The vast majority of the correspondence in the collection is between Geny and her husband, while he was stationed with the U.S. Navy in the Pacific, during World War II. The dates range from 1939-1945, and the two exchanged hundreds of love letters, particularly between 1943 and 1945.

Kelley’s project consisted of cleaning and flattening the letters, and then putting them in acid-free folders and arranging them chronologically by sender/recipient.

Here’s an example of a few of the letters that exemplify their sweetness, starting with a letter from Frank to Geny, dated November 8th, 1943...

Letter from Frank Farris Jr. to his wife, Geny, from November 8th, 1943
Second page of the letter from Frank Farris Jr. to his wife from November 8th, 1943

And a letter from Geny to her husband, from February 10th, 1944...

Letter from Geny to her husband Frank, from February 1944
Page 2 from Geny's letter to Frank, from February 10th, 1944
Page 3 from Geny's letter to Frank, from February 10th, 1944

Ken's Projects

Chancery Court Chancellor’s Opinions, 1931-1951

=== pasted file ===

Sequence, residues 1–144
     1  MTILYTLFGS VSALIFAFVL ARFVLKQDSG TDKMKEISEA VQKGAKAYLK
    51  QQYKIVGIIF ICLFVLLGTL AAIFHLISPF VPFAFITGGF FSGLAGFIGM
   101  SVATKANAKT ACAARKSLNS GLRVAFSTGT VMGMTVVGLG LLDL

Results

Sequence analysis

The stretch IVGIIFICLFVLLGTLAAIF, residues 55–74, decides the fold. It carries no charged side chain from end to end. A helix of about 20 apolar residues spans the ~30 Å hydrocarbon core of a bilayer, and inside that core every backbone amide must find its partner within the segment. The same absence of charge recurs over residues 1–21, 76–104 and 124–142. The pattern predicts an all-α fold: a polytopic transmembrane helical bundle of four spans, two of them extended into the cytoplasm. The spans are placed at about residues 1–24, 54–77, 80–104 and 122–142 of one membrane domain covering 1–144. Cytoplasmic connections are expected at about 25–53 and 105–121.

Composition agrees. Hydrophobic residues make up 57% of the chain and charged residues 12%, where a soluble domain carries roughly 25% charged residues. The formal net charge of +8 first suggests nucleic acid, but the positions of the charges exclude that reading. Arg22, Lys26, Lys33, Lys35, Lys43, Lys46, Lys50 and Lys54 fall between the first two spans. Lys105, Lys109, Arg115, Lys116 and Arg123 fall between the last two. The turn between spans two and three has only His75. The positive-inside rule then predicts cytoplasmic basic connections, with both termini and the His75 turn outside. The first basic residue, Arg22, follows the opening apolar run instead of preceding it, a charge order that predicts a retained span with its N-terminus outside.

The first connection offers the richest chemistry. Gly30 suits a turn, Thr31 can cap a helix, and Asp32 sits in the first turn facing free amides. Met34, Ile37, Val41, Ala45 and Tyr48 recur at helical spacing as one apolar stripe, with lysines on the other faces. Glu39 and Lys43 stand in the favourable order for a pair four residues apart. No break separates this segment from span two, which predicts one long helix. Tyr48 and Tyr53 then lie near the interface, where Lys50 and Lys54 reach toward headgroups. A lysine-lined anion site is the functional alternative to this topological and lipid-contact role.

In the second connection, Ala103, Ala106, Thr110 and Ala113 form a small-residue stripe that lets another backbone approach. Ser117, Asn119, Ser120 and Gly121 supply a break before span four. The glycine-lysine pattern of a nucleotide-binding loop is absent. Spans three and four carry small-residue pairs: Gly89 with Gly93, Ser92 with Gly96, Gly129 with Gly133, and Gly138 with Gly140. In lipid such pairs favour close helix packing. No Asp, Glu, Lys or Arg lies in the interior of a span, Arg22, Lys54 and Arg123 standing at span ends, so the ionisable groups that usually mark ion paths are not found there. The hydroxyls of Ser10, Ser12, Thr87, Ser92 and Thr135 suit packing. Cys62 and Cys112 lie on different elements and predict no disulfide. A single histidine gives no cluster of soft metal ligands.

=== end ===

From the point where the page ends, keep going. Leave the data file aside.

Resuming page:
These files are the Chancellor’s official opinions on cases. The Chancellor would make a judgment on a case and explain the decision that was made.

One case that Ken mentions involved a contractor and an elderly woman. She said the contractor took advantage of her age and physical condition (hearing, sight loss, mild confusion) to cheat her out of promised work. The Chancellor's response was that he observed her while she testified, and she appeared fully aware of what was going on, and he thought she used the “little old lady” routine.

To the Chancellor, the playacting was mediocre at best as she fully understood each question. Chancellor ruled in favor of the contractor which means she had to pay the full-agreed-upon price for the work done.

Historical Documents Box 

A box in our collections labeled “Problem Children” is an orphan collection of documents ranging from 1805-1930. Ken's project was to inventory them.

The most interesting cases he's found so far are: 

  • A deed for 50,000 acres in West Tennessee
  • An actual indenture from 1800 that's incredibly fragile and needs attention 
  • Various cases involving prominent Nashvillians in all types of legal disputes.
  • And one really interesting case involving the guardian of a minor who was promised land upon the death of his father. Apparently, the father died and left the son the land, but the son was a minor so he couldn’t accept it immediately. The family kept the land, and the guardian is trying to get it back.

Davidson County Repatriation Records 

Handwritten Sheriff's Order from 1795